Volume 3, No. 1, February 2016
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Welcome to the first issue of Writers in Conversation for 2016. As ever, we are delighted to include here a range of writers who are truly global, hailing from Poland, Denmark, Jamaica and Australia; a mixture of poets, novelists and academics, with many awards won between them. We feel privileged!
The journal is now in its third year and we'd like to thank everyone who reads and enjoys the interviews, and of course those who work so hard at putting the interviews together. Remember - we are always looking for contributions, so don't hesitate to contact us.
The interviews in this issue address many very topical questions about writing and politics in the global arena. We have very much enjoyed putting the issue together, and we hope you enjoy reading it.Gillian Dooley and Nick Turner, Editors
From Volume 4, no. 1, February 2017 Writers in Conversation will be published in Open Journal Systems and this website will no longer be updated.
ItemSébastien Doubinsky in Conversation with Isabelle Petiot( 2016-01-21)Sébastien Doubinsky is a bilingual French writer and academic, born in Paris in 1963. He has been widely published in French and in English. In France, Quién es? and La Trilogie Babylonienne were published by Joelle Losfeld. The Song of Synth and White City were published this year in the United States, respectively by Talos/SKyhorse and Bizarro Pulp Fiction/JournalStone. Doubinsky currently lives in Denmark, where he teaches French literature, culture and history at the French department of Aarhus University.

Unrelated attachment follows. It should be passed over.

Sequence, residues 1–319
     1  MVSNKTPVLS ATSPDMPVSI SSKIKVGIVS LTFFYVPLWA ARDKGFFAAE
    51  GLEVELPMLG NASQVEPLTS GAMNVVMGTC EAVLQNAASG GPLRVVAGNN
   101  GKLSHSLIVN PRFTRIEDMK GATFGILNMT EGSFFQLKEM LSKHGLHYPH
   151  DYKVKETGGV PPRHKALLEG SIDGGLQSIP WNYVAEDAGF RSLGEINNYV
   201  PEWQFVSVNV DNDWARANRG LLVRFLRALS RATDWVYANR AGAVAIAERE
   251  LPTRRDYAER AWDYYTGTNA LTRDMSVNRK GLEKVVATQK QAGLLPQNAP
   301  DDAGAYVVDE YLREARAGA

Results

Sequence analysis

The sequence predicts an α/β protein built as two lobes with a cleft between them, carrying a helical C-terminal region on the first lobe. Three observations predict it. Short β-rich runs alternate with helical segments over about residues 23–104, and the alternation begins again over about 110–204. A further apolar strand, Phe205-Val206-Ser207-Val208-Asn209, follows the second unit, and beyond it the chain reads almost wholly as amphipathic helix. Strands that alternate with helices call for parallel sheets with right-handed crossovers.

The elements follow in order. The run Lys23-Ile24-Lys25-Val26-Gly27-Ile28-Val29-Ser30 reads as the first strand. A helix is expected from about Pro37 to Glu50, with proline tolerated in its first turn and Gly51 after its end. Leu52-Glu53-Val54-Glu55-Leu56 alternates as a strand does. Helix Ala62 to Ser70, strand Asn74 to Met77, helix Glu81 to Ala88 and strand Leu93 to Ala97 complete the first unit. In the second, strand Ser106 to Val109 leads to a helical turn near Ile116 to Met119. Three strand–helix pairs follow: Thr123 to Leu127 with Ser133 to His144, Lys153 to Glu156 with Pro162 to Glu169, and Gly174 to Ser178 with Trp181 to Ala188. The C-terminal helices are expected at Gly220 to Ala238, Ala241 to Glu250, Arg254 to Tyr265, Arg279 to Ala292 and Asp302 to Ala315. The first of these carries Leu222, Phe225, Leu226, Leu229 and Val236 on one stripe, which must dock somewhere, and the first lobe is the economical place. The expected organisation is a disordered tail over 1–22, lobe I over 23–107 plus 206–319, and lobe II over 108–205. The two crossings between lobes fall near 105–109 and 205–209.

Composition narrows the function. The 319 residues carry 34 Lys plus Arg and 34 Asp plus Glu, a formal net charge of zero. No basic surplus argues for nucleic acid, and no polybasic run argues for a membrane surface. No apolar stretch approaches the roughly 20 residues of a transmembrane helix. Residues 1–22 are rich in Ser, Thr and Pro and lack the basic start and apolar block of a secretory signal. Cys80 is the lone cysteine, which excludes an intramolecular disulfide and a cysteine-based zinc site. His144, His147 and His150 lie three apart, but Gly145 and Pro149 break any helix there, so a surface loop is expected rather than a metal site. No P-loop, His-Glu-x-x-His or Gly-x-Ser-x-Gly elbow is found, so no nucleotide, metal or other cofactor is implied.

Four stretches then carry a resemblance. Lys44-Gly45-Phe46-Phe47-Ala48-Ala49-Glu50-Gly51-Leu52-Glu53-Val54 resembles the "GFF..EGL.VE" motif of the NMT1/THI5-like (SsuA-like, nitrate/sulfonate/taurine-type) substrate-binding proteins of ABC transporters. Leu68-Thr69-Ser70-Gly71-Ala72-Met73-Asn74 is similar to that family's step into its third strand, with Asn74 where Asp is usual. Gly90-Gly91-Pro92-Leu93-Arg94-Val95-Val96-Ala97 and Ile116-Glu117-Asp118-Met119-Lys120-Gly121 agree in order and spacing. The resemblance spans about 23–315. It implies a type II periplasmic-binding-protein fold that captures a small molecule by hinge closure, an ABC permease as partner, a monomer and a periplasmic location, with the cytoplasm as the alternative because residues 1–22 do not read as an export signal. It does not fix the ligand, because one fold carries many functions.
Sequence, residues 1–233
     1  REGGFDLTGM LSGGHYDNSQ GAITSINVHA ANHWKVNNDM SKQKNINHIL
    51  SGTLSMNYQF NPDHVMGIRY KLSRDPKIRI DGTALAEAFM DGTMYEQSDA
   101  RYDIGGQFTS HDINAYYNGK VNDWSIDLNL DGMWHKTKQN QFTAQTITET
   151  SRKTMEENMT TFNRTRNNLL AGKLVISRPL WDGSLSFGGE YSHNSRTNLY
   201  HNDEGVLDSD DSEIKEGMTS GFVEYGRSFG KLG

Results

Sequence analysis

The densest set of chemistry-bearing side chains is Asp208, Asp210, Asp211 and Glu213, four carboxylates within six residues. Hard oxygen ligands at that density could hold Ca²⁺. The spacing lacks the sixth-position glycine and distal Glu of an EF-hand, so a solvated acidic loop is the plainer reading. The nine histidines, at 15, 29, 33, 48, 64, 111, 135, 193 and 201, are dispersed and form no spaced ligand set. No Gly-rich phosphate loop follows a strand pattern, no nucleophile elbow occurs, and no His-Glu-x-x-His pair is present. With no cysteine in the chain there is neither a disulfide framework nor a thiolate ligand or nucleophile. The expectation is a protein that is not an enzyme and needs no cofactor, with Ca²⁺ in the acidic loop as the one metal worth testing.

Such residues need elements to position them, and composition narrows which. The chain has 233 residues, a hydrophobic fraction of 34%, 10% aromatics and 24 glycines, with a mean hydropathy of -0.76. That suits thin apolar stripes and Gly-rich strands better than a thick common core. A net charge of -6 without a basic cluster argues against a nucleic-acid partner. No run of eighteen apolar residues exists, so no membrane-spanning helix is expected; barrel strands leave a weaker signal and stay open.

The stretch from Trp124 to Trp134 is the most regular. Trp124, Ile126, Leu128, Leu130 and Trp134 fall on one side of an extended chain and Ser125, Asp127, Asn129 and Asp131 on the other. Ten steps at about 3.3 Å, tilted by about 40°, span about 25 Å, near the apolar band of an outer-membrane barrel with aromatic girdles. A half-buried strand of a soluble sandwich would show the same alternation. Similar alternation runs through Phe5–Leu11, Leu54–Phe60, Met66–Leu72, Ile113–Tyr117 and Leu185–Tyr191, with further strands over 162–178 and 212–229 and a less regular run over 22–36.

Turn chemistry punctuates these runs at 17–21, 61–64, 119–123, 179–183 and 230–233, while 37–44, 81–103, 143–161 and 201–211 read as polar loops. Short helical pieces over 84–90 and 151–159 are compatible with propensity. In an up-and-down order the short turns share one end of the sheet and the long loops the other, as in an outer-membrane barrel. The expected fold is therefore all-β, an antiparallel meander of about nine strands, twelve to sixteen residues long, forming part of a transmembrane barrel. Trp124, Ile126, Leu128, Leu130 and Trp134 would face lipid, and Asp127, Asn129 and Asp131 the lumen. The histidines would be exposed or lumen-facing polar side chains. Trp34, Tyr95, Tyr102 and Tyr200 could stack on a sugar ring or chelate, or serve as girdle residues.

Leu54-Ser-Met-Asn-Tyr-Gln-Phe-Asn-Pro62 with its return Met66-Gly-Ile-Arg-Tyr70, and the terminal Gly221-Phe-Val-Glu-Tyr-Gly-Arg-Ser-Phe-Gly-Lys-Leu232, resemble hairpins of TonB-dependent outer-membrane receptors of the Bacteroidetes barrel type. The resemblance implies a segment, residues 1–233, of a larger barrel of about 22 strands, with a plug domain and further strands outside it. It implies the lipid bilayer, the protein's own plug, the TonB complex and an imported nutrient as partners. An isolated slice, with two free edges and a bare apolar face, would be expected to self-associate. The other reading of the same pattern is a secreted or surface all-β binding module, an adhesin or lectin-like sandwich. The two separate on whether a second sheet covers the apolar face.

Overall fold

Item‘Love Where You Live!’ A Conversation with Diana McCaulay( 2016-01-21)Diana McCaulay is an award-winning Jamaican novelist and short-story writer. Her first novel, Dog-Heart (Peepal Tree Press, 2010) won a Gold Medal in the Jamaica Cultural Development Commission's National Creative Writing Awards (2008), and was shortlisted for the Guyana Prize (2011), the IMPAC Dublin Award (2012) and the Saroyan Prize for International Writing (2012). She won the Regional Prize for the Caribbean Commonwealth Short Story competition in 2012 for ‘The Dolphin Catcher’. Her second novel, Huracan (Peepal Tree Press, 2014) was also shortlisted for Saroyan Prize for International Writing. In April 2014, she won the Hollick Arvon Caribbean Writers Prize for a non-fiction work in progress, entitled Loving Jamaica: A Memoir of Place and (Not) Belonging. At the same time she is working on her third novel, which at the time of this interview was tentatively called The Dolphin Catcher. McCaulay is the also founder and Chief Executive Officer of the Jamaica Environment Trust (JET), focusing on environmental education and advocacy. Before that she worked in the general insurance industry for eighteen years, in various senior management positions. She is a Chartered Insurer qualified by the Chartered Insurance Institute in the United Kingdom. She holds a Bachelor of Science Degree in Management Studies from the University of the West Indies, and a Master's Degree in Public Administration from the University of Washington, with majors in environmental policy and international development. She served on the Board of Jamaica’s Natural Resources Conservation Authority from 2003 to 2005, and again in 2008, and is a past Chair of the National Environmental Societies Trust and past Vice Chair of the Environmental Foundation of Jamaica. This interview took place in Kingston, Jamaica, June 2015 and was conducted by Russell McDougall. Questions prepared in advance and interspersed contextual notes added after the transcription were prepared in collaboration with Sue Thomas.